The substance of the claim also necessarily affects the type of discovery that can and should be conducted. If a medical negligence claim, then the injured patient’s medical records are relevant. If a premises liability claim or failure to protect a patient from another patient’s attack, then do the nonparty patient’s records become relevant; and if so, are they appropriately discoverable under HIPAA? Knowing whether you are defending a medical malpractice claim or a premises liability claim affects every other decision in the litigation, which makes it imperative to resolve the answer as soon as possible.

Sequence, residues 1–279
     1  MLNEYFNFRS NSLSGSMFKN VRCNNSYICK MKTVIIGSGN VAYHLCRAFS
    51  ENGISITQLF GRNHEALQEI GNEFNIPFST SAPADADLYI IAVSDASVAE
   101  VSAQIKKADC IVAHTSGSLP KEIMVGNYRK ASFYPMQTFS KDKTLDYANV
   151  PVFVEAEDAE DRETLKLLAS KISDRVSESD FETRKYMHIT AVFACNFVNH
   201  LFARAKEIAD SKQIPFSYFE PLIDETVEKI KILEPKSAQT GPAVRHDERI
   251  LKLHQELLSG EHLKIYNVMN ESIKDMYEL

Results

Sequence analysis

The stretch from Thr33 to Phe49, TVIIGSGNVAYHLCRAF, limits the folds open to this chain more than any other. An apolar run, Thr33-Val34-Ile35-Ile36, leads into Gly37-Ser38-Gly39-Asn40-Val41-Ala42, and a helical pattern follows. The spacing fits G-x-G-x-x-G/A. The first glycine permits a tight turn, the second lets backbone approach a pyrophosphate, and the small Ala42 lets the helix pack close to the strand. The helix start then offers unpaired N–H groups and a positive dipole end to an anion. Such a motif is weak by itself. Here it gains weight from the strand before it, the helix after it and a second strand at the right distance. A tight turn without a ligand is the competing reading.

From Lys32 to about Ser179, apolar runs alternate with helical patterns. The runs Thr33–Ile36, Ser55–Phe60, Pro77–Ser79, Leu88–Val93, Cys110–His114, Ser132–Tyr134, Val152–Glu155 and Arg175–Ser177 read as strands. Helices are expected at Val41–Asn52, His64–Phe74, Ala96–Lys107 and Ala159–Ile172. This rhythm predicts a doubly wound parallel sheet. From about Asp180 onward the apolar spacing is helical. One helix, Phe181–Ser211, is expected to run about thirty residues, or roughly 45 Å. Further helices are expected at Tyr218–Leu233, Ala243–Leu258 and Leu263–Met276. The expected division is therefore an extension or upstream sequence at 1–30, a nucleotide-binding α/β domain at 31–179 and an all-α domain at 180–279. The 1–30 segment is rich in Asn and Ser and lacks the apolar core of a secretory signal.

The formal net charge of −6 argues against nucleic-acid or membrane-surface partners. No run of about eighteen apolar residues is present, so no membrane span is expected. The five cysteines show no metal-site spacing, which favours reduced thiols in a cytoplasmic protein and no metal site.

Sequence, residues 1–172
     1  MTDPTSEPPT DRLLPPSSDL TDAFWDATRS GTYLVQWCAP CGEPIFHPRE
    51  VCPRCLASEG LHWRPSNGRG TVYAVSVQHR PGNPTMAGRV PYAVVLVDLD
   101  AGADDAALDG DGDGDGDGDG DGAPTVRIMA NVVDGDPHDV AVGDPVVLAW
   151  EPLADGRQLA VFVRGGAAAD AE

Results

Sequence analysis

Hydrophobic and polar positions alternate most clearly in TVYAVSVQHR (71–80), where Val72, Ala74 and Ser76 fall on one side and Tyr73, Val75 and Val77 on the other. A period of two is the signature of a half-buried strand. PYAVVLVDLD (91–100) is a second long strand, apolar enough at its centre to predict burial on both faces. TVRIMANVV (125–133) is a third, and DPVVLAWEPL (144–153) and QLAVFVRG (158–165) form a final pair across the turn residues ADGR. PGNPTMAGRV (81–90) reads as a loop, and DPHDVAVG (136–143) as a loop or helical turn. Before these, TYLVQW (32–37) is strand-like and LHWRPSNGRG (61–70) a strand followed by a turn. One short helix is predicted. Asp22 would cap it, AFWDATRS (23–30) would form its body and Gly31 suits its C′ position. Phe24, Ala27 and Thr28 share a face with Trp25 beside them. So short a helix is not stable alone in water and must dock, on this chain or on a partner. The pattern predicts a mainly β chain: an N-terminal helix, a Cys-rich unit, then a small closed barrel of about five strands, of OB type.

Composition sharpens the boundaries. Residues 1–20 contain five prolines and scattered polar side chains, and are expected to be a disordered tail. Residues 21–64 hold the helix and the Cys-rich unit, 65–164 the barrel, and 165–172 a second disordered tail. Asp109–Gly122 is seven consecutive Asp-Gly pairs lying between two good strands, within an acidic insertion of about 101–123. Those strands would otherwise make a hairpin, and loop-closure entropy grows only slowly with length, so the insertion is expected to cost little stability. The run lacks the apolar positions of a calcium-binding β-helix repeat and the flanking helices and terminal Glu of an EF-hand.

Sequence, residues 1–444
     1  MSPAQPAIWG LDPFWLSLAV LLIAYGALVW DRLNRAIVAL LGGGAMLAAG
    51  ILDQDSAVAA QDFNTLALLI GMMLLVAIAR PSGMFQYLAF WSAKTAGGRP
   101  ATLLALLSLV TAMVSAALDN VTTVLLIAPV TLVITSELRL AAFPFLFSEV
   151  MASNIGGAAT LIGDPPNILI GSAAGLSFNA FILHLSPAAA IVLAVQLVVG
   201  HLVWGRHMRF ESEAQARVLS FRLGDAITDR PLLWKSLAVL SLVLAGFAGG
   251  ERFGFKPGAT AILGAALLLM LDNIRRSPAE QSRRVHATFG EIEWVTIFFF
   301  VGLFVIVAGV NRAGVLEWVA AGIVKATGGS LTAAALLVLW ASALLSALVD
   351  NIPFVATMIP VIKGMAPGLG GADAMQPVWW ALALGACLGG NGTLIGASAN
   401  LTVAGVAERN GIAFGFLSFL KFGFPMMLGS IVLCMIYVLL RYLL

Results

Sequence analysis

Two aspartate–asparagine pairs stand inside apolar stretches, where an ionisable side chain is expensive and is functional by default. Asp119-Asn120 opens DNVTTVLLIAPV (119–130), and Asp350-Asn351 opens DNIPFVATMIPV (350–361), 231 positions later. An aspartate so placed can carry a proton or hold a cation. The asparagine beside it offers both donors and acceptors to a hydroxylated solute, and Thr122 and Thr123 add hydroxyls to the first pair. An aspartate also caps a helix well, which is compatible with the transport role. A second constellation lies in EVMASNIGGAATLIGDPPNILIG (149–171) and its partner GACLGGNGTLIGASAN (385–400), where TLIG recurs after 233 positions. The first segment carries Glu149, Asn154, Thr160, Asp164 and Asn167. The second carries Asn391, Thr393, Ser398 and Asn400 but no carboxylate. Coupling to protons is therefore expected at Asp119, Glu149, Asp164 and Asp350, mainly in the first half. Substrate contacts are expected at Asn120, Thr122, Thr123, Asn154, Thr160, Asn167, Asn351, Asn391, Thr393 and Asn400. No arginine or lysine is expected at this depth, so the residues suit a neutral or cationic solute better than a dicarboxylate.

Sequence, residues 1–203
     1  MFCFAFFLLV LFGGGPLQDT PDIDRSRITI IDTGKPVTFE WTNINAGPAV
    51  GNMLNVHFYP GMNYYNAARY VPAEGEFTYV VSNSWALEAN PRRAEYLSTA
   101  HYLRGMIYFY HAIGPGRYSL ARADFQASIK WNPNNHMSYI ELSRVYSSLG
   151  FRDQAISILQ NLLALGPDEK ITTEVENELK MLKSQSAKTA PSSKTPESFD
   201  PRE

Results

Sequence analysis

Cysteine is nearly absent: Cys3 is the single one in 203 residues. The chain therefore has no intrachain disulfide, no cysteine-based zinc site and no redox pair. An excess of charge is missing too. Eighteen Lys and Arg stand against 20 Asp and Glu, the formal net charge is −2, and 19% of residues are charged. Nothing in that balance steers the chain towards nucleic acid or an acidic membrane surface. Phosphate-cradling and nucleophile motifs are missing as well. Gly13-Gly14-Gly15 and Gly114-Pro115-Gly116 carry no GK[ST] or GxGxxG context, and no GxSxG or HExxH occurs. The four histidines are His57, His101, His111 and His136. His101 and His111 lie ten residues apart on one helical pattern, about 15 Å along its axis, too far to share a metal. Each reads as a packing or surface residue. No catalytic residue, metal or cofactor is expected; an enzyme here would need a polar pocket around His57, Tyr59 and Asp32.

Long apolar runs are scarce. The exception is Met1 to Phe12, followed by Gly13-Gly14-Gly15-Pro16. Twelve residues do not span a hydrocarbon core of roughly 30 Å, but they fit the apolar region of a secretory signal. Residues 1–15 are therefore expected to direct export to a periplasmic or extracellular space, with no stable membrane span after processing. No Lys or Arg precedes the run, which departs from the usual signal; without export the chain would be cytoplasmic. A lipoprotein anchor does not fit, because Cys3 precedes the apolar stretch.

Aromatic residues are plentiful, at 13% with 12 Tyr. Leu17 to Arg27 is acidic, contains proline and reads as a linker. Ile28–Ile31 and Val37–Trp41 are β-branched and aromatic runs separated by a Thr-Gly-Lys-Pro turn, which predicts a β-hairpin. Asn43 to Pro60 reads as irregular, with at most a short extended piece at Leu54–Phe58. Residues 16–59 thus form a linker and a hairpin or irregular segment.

Indiana courts have given us no definitive answer yet as to whether any given set of facts will be treated as a medical negligence claim or as a premises liability claim. The Indiana Supreme Court’s recent decision in McSwane v. Bloomington Hospital, 916 N.E. 2d 906 (2009), refused to extend a hospital’s duty of care to an off-premises attack of a patient. However, when the attack occurs on hospital premises, aren’t the hospital staff’s decisions as to where to house the patient, what medications to give the patient, and what level of supervision or protection to give to a patient medical decisions? The Medical Malpractice Act defines health care as decisions with respect to a patient’s treatment or confinement, which will be treated as a medical negligence claim. Ind. Code § 34-18-2-13. On the other hand, the Indiana Court of Appeals has held that the Medical Malpractice Act was designed to exclude conduct “unrelated to the promotion of a patient’s health or the provider’s exercise of professional expertise, skill, or judgment.” Murphy v. Mortell, 684 N.E.2d 1185, 1188 (Ind. Ct. App. 1997).